Do you feel like your long distance relationship is moving too fast? 

Perhaps you love your partner, but they’re pushing you to make promises or commitments that you’re just not comfortable with at this point. 

Or maybe you both feel good about things, but you’re reaching milestones a lot quicker than you normally would, and you’re wondering what’s up with that.

Perhaps your friends and family are concerned that you’re “rushing into something” and you don’t know whether to slow down or not.

If any of this sounds familiar, don’t worry. This is actually really common in LDRs.

Why? Well, think about these ways that LDRs are different to “regular relationships”:

  • You can only see your boyfriend/girlfriend for short periods of time, so there’s pressure on you to “make the most of it” during your visits
  • Because of the distance, you’re already investing a ton of time, money and expectation in the relationship – even in the early days
  • Long distance couples often come from different cultures and backgrounds, with different ideas about commitment

With all of those factors at play, it’s no surprise if things are confusing. 

How can you really know if things are moving too fast, or if it’s just the distance complicating things? 

And if you’re not on the same page about commitment – does it mean the relationship is doomed? How can you let your partner know that you want to slow things down, without hurting them?

In this post, I’m going to discuss 5 key signs that your relationship is moving too fast – and then how you can let your S.O. know how you feel.

The crucial thing to remember

Before I tell you these 5 key things, it’s very important to say this: what counts as “moving too fast” in a relationship depends on who you are.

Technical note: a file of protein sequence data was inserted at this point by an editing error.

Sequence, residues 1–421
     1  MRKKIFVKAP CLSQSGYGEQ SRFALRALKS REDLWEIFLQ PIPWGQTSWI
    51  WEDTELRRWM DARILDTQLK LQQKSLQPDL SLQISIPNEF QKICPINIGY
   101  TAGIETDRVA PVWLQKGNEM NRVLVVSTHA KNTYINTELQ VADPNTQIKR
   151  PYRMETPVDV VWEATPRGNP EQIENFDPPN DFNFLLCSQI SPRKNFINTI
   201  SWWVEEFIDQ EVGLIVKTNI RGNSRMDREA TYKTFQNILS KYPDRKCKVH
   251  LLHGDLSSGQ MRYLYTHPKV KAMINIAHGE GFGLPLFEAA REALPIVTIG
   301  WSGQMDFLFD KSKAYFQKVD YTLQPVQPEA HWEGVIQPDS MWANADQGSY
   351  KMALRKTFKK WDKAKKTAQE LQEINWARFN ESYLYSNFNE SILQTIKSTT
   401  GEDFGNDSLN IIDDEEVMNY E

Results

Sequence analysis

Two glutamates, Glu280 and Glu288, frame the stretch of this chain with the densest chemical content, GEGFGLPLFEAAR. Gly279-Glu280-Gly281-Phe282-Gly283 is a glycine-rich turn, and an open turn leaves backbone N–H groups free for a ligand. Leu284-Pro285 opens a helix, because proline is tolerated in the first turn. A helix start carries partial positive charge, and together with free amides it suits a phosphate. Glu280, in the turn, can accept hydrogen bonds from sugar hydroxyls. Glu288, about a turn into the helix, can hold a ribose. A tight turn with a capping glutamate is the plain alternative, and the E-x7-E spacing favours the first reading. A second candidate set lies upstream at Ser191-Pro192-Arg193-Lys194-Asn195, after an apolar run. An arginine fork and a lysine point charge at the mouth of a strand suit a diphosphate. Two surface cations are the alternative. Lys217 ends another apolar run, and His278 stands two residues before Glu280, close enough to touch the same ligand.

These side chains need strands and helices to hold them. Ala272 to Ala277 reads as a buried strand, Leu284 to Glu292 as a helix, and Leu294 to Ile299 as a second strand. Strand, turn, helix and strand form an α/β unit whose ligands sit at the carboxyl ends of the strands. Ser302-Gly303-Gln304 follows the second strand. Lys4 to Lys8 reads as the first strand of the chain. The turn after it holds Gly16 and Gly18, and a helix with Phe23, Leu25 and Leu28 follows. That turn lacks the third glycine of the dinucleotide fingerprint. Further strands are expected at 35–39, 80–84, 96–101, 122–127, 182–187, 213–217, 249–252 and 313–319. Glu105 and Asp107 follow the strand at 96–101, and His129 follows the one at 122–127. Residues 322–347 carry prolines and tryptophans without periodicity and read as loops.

To elaborate: different people consider different things to be signs of commitment. For example, meeting each other’s families might be a huge deal for one person, but for the other it’s no big deal because they introduce their parents to every person they date. Neither one of these perspectives is right or wrong, just different. 

So what does “too fast” really mean? Simply put, it means too fast for you. And there’s nothing wrong with that! Just because your boundaries are subjective doesn’t make them any less important. However, I mentioned the above as I think it makes sense not to jump to conclusions about what a specific thing necessarily means, until you’ve clarified it with your partner.

Now, here are 5 signs that your LDR is moving too fast for you:

1. It's eating up all your time and money

LDRs are an investment of time, money, energy and emotional resilience. If you’re not prepared to go the extra mile (literally!) for someone, then this type of relationship is not for you.

But there is a healthy balance to be made. Any relationship requires some expense, true, but it must be able to fit comfortably into your life and not compromise your other goals to a huge extent. If you’re finding your other commitments suffering and your bank balance dwindling, it’s time to talk.

If you haven’t done so already, have an open conversation about money. Sort out a schedule for visits and a budget for travel and dating. Schedule in date nights too, if it helps. Then stick to it.

2. You're uncomfortable when they talk about "the future"

If you’re in a LDR, chances are good that you consider the person you’re dating to be someone very special. If you don’t really feel that way and this is just a casual relationship, IMO there’s very little point investing all the time and effort into it – you may as well just date locally if all you want is a casual thing. If you’ve never thought about this before, now is a good time to think about it, and probably to call it quits if you’re on fundamentally different pages about long-term plans.

If you are serious about this person and open to the possibility of long-term plans – just not, you know, right now – then stick to your boundaries and don’t be pressured into making promises that don’t feel genuine. But don’t make the mistake of telling them that you want to “just take things one day at a time” either. This will not make them feel appreciated or like a priority in your life.

Instead, set modest goals for the two of you to work towards. Perhaps you’re not ready to set a “move in together” date just yet, but you are willing for the two of you to save for a holiday together in a couple of months’ time? Think about small commitments you could make, until you’re ready to make larger ones.